Some investors shun the stock market because they believe it's too risky. While some individual stocks are highly speculative, there are a handful of companies that run extremely low-risk businesses and are quite safe to own.
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With that in mind, we asked a team of Fools to share the safest stock that they can think of.Read on to see why they chose Disney (NYSE: DIS), McCormick (NYSE: MKC), and CVS Health (NYSE: CVS).
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Walt Disney: Safe as a brick House of Mouse
Anders Bylund (Walt Disney): Let's face it:Walt Disneyis not going away anytime soon. It's the kind of stock you can buy today, forget about for a decade or three, and be pleasantly surprised by the returns at that point.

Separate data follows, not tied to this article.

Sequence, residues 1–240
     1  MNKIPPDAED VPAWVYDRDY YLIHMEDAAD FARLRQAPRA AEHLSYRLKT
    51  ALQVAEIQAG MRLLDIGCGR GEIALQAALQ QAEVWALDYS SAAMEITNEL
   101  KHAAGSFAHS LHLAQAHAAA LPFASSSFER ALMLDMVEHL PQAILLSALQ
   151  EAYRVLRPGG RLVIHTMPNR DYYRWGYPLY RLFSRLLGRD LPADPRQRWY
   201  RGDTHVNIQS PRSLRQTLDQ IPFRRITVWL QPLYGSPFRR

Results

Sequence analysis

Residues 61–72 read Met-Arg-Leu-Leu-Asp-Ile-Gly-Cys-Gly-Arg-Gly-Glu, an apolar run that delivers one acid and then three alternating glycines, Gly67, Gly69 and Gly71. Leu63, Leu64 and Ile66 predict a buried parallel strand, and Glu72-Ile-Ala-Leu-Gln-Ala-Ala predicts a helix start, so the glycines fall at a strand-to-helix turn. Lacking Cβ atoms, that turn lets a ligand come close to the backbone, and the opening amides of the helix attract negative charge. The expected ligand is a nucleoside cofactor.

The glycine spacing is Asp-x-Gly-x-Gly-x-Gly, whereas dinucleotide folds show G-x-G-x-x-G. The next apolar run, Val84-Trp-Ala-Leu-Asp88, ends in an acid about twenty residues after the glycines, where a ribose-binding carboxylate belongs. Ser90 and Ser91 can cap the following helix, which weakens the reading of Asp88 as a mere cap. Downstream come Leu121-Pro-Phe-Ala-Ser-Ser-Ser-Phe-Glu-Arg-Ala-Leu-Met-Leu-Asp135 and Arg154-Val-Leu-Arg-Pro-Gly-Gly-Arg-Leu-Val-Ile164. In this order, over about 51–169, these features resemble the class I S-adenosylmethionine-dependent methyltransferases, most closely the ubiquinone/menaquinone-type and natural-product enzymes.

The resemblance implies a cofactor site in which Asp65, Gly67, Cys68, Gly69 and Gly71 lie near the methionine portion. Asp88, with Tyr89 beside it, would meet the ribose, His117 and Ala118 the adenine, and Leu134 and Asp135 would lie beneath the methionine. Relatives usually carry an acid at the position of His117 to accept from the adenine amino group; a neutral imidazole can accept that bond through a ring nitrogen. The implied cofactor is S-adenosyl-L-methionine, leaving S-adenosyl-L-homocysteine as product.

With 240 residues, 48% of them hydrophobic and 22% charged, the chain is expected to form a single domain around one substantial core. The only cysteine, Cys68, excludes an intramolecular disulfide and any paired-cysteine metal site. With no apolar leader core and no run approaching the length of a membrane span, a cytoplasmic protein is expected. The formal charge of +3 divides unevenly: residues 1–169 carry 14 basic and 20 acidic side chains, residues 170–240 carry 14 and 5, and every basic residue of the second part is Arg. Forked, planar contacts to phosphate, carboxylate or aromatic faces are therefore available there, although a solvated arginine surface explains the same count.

The core value of Disney lies in its powerful brand. The name is synonymous with quality entertainment, especially for younger consumers. Got kids? Chances are you already know everything about Disney. The kids just won't let you ignore what's going on in the House of Mouse.
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The company's rich storytelling legacy has blossomed into a multimedia empire, covering everything from silver-screen movies and cable TV channels to theme parks and time-share resorts. All of these businesses make put the Disney brand front and center. And under the deft hand of CEO Bob Iger, the company has made a plethora of value-added acquisitions that are paying back their multibillion-dollar price tags many times over.